I’m sure some people embrace the Masters in all its self-important silliness. They can’t help being taken in by the genteel sheen the Augusta National Golf Club manages for one week every year. They are moved by Jim Nantz’s schmaltz about the place even as they recognize it as such.
For those people, there is always something to like about the Masters. I get it. Professional golf is, like all individual sports at the elite levels, a fine showcase for human failures and triumph. It’s enhanced by the mystique of Augusta and the stakes of a major championship.
But I’m more of a bottom-line guy. I’m most interested in who will tug on the green jacket, not the heart strings. If you want sentimentality, I’m not your guy.
Now, if you want to know who will win then . . . well, I’m probably still not your guy. It’s difficult to predict the winner of a pro golf tournament. Still, I’m more useful for wagering a guess than waxing poetic.
This week Rory McIlroy is favored to win at 8-to-1 odds. The betting markets are likely moving to McIlroy because of his recent results. He won the Players Championship last month and has four other top-five finishes in stroke play. McIlroy also finished among the top 10 in five consecutive starts at the Masters, the only major he hasn’t won.
He’s a worthy favorite but I’m always wary of recency bias. That’s why I perked up when I heard Jordan Spieth, the 2015 Masters champion, point out that his results had been lackluster before he finished second here in 2014 and 2016. He said there are more important things than recent results, such as play around the greens, putting, and controlling distance and speed.
Spieth has an incentive to think that way because of his recent poor results, including missing the cut at the Players Championship last month. But I’m inclined to believe him. You have to consider picking Spieth or Brooks Koepka, another top contender with recent scorecard struggles.
It’s always been assumed that experience matters a lot at Augusta. Woods put a dent in that theory when he crushed the course as a 21-year old. Then succeeding generations of young golfers inspired by Woods started winning majors, including Spieth.
Yet despite the youth movement, the average age of the 52 Masters winners still is 31.3 years old. Seven of the past 10 champions were 28 or older. Data Golf crunched the numbers and concluded that “course history” at Augusta really does matter, with the sweet spot at six to eight years playing the Masters.
Wrote Data Golf: “While this will mostly be due to the simple fact that these golfers are better on any golf course, not just Augusta National, it will also be partly due to the fact that experience does appear to help around the storied Augusta National layout.”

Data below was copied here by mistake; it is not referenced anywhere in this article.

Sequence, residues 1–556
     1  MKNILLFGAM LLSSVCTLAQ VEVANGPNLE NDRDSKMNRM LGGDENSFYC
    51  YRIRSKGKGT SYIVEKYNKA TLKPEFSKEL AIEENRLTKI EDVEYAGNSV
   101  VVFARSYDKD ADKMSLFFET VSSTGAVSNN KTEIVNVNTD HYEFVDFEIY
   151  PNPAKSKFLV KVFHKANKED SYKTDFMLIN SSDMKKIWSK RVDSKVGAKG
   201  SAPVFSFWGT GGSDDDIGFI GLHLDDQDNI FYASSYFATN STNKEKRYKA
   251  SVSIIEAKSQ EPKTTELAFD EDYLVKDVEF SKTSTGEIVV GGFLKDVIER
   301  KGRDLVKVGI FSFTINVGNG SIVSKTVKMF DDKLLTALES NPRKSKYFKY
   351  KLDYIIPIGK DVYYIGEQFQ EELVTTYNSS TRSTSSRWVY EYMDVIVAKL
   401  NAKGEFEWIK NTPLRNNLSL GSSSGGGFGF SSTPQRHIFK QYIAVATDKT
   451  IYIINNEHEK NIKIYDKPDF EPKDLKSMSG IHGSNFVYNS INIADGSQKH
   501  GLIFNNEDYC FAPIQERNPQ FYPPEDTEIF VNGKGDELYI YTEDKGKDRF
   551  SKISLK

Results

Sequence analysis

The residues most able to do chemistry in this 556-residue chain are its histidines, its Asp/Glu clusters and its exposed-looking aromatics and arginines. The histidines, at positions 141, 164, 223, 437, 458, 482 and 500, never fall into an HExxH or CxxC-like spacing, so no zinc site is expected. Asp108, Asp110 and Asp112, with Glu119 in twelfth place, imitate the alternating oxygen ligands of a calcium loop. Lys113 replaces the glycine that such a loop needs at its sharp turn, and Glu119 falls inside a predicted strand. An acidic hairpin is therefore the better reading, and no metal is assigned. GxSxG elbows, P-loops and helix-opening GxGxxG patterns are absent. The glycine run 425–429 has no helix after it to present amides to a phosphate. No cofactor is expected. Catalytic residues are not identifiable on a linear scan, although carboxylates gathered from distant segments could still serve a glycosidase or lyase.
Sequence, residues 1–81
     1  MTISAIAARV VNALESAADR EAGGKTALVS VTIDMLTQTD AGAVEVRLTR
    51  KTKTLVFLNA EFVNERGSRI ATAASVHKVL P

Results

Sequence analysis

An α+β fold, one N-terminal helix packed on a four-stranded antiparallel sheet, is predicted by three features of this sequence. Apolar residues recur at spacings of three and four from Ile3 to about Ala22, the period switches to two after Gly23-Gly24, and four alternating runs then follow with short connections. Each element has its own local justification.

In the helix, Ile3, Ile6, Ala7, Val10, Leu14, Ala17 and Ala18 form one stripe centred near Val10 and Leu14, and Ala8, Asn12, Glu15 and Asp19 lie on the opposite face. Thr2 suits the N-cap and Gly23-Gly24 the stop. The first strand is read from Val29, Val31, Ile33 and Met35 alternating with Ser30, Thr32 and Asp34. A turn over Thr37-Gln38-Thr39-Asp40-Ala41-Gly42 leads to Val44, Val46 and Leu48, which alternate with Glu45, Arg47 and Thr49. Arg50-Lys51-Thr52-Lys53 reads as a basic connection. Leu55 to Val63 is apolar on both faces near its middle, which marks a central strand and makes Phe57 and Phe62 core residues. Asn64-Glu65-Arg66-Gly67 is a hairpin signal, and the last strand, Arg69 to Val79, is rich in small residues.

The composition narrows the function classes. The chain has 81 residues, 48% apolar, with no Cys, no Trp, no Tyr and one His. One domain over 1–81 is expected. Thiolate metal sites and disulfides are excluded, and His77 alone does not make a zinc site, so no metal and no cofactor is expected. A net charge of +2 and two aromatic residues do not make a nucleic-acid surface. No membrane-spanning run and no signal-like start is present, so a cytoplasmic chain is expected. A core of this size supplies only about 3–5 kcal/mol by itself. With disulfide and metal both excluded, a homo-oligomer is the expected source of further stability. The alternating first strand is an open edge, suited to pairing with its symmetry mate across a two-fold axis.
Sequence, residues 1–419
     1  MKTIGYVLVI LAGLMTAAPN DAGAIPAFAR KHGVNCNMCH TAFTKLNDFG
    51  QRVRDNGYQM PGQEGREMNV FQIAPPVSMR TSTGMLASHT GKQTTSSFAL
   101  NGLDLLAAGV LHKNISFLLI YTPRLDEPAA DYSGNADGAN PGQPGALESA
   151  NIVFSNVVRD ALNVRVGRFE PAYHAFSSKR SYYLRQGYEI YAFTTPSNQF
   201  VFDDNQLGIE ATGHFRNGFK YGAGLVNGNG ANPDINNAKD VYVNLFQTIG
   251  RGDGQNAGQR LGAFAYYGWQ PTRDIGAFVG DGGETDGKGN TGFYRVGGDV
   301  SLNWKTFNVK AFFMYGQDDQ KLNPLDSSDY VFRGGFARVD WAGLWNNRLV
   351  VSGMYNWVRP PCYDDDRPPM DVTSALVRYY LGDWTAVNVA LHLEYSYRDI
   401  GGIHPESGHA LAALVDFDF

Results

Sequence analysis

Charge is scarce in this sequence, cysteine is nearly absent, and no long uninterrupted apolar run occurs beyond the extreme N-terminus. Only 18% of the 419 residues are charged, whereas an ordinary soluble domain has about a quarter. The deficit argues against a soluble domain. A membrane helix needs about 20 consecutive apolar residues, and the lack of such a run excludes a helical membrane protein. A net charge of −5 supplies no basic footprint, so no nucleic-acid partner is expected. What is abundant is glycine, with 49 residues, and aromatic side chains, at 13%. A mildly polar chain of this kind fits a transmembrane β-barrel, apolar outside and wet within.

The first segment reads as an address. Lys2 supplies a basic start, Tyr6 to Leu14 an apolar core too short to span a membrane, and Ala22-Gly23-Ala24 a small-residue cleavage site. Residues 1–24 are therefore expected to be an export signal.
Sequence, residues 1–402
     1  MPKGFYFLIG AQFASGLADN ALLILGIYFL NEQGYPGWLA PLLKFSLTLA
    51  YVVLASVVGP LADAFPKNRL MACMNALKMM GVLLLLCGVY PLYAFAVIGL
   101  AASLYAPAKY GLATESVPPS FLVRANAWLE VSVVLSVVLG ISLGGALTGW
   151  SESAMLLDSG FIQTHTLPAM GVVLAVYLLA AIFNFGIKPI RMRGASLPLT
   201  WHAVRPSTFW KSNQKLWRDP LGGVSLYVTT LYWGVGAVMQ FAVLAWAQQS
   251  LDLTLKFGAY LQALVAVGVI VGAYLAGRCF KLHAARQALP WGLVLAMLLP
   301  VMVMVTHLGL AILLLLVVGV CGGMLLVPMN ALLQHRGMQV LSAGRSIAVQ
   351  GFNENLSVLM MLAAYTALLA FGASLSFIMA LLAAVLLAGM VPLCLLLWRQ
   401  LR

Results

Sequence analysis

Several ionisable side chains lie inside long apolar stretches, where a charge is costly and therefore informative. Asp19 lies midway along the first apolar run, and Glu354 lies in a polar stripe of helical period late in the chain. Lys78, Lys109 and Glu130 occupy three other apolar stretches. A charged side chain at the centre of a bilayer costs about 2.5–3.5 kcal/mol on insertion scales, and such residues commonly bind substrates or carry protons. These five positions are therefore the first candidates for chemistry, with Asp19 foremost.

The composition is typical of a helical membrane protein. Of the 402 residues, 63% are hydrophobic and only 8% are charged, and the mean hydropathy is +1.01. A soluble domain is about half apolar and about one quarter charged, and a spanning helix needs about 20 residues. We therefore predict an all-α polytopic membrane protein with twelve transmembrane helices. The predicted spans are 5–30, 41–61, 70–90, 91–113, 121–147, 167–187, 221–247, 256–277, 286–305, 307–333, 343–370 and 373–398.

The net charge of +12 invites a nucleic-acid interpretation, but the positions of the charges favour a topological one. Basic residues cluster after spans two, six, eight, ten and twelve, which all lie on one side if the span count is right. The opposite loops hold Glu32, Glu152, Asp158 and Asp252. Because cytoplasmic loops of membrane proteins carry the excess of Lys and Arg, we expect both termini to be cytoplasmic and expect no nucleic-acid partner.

Some young golfers among the contenders may be too green at Augusta to win just yet. Those guys are Tommy Fleetwood (six Masters rounds played), Jon Rahm (eight) and Koepka (12 rounds played). There’s always a chance one of them breaks through here, like Spieth did four years ago, but lack of experience is a good reason not to pick them.
The experience factor is good for other serious challengers who have never won at Augusta. They have good knowledge of the course and their performance hasn’t yet been diminished by age. Included on that list: Paul Casey (42 Masters rounds played), McIlroy (38), Rickie Fowler (30), Dustin Johnson (30), Jason Day (29), Hideki Matsuyama (26) and Francesco Molinari (24).
The weather is a possible confounding factor for this Masters. As of Wednesday afternoon the forecast predicted a 60 percent chance of rain on Friday, 80 percent on Saturday and 90 percent on Sunday.
Under normal circumstances, I’d back Bubba Watson to win a third green jacket. He’s a longshot because he’s 40-years old and has missed 10 cuts in his past 17 majors. Augusta is a place where he can rekindle the magic, but I can’t pick him because Watson famously does not like playing in the rain.
Included among the top contenders who I haven’t thrown out for other reasons are guys who tend to play well when conditions get wet. Several also check the experience box. Dual qualifiers include McIlroy, Casey, Day, Fowler, Matsuyama and Molinari. Spieth is relatively short on experience but that’s irrelevant because he’s won here before.
From among those seven golfers, I’m taking Fowler. He’s been on the come in majors after a two-year slump. Fowler finished second to Patrick Reed in last year’s Masters after a back-nine charge on Sunday. He says he’s more ready than ever to win his first major, and I’m thinking it happens this week.
I want Woods to win here for the fifth time because it would be so much fun. A Woods victory might stir some feelings even for a cynic like me. Heck, if it happens I might even welcome some Nantz mawkishness.
I can’t pick Woods to win, though. I’m a bottom-line guy, and it says Fowler wins the 2019 Masters.
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